What is meant during the skinning process when the eyes, ears, and nose is "split"?
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The eye lids and lips have skin that is needed for the mount. Grab your own lip you will notice it has skin on the inside as well as the outside. This skin between your thumb and finger must be seperated and all meat must be removed . Eyes are the same way . Ears are similar, but there is a cartilage between the inner and outer skin.
Deer have more muscle tissue around their lips and eyes than on other parts of their face.You need to take a sharp knife or scalpel and cut slices in that tissue(obviously dont cut thru the hide),this allows salt to reach the hide.I cut a crosshatch pattern.As for the ears,use ear openers to seperate the front side of the ear(cartelage)from the backside(skin).Have fun.
There will be an in-depth article in "Back to Basis in the next issue of "Breakthrough Magazine" on fleshing a deer.
The eye can be split till you get the fat out of the lids. Hold the hide in one hand, with fingers being the "depth sensitive" fleshing beam, it works well to put your middle finger thru the eye and use your thumb to gently pull skin back while slicing thru the skin with your scalpel. Keep going till you see the fat follicles that hold the eye lashes in. You can gentley cut out the fat now, or after the pickling/tanning process, when you are fine tuning the cape for mount prep. DON'T cut so deep you LOOSE your eyelashes though! Practice will tell you how thin you need to go.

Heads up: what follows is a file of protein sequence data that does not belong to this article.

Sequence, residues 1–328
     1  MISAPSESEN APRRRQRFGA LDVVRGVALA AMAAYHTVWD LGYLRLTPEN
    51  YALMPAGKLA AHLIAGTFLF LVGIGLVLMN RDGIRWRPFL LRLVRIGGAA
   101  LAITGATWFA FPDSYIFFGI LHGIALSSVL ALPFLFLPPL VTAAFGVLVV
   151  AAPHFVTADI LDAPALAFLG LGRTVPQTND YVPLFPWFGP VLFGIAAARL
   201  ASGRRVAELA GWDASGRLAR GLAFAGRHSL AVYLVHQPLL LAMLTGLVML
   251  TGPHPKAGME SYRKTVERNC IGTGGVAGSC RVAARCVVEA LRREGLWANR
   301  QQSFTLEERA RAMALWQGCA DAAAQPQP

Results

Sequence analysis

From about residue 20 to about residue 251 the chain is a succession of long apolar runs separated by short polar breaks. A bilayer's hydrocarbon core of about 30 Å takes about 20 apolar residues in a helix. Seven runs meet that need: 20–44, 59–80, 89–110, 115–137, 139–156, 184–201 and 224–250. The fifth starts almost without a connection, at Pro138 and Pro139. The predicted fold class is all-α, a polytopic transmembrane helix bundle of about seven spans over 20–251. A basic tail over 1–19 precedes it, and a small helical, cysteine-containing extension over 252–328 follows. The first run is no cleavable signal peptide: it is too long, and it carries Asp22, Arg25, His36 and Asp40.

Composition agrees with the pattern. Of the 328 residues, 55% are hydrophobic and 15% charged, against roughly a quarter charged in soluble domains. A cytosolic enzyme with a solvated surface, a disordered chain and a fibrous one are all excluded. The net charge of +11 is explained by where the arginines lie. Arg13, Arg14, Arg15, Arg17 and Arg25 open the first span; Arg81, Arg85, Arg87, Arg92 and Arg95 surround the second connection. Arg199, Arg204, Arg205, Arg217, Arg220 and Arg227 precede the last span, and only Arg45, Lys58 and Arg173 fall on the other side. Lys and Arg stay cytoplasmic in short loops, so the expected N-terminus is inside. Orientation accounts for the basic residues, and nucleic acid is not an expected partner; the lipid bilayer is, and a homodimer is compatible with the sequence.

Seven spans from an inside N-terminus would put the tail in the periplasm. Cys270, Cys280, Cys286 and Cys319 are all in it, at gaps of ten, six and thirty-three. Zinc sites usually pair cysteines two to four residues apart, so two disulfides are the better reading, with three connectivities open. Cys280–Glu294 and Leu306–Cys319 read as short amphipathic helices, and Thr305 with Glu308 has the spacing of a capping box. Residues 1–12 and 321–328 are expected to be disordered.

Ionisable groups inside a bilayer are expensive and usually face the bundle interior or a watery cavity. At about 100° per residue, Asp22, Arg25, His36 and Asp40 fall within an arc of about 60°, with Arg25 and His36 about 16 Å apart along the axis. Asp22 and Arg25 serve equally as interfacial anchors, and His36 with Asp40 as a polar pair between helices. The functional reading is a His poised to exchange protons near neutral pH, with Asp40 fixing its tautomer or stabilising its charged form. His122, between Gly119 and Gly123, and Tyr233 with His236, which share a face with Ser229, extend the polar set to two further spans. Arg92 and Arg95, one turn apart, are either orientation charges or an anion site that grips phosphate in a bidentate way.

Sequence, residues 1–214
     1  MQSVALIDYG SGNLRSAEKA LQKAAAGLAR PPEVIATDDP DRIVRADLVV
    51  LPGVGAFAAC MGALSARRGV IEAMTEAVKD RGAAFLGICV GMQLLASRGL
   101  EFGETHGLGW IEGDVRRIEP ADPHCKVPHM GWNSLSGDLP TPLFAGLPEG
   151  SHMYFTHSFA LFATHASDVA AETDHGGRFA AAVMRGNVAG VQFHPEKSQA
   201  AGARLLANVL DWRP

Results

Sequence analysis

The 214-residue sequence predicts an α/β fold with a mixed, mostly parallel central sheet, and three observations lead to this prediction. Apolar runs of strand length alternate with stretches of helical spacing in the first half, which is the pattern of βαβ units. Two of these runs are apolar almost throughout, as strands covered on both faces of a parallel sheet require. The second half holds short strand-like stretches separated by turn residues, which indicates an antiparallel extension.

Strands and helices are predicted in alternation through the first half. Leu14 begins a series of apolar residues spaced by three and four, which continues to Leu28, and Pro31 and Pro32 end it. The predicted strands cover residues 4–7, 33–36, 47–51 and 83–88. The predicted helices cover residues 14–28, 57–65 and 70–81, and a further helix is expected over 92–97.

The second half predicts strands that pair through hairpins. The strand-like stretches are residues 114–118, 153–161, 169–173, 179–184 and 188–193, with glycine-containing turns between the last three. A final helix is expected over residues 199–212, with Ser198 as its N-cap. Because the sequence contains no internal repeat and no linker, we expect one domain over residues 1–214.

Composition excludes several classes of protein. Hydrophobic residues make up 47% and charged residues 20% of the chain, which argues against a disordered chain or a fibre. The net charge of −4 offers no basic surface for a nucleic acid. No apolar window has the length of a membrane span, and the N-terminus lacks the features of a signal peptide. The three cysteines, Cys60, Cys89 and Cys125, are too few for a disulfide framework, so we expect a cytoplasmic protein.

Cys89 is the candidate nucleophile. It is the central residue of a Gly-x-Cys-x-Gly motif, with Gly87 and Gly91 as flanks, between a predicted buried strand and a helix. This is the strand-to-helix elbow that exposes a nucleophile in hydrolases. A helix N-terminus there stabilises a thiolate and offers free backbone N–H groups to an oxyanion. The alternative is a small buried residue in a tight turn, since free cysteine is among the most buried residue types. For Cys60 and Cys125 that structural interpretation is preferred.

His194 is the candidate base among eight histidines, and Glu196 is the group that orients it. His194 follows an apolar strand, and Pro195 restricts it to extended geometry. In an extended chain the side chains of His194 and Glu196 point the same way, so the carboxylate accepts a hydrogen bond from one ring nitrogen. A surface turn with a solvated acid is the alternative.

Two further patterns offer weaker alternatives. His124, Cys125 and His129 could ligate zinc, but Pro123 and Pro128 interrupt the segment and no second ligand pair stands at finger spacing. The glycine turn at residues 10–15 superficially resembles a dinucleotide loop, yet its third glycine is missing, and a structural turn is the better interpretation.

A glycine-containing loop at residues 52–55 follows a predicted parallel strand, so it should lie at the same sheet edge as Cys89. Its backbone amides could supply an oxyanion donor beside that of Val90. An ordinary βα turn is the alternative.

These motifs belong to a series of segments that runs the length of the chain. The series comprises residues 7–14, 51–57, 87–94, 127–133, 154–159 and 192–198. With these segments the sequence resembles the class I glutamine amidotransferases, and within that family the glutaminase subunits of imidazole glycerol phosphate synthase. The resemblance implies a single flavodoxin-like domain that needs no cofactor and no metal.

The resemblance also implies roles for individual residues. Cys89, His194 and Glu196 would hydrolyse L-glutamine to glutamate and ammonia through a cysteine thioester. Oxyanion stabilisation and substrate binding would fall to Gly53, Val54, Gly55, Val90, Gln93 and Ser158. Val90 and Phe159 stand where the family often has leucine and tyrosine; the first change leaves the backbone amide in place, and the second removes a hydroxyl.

Lips same way. Once you have the lips split, you can lay it open on your finger and shave away the meat, you will end up with close to transparent lip skin when you are finished.
Nose, again same idea. You need to cut through the cartilage of the nose till you have two separate "flaps". Again I like to use my fingers as the fleshing beam because I can FEEL how much meat is left on and how deep I need to go with the scalpel.
One of the best tips I can give you on this splitting process, as well as fleshing then meat and muscle from these facial areas is to use a NEW SHARP BLADE. I'll go through 3-4 scalpel blades on the face and ears, and more often than not, 5-6 scalpel blades, WITHOUT feeling guilty or wasteful. A new sharp blade cuts the tissue off much better and quicker than a slightly used blade AND ironically puts less holes in the delicate areas, probably because the effort is not as pronounced adn the blade is doing all the work....did that make sense? Anyway, don't be afraid to use those scalpel blades. It's worth it.
Thanks for the useful information. Its good to know there are people out there willing to share some of their expertise.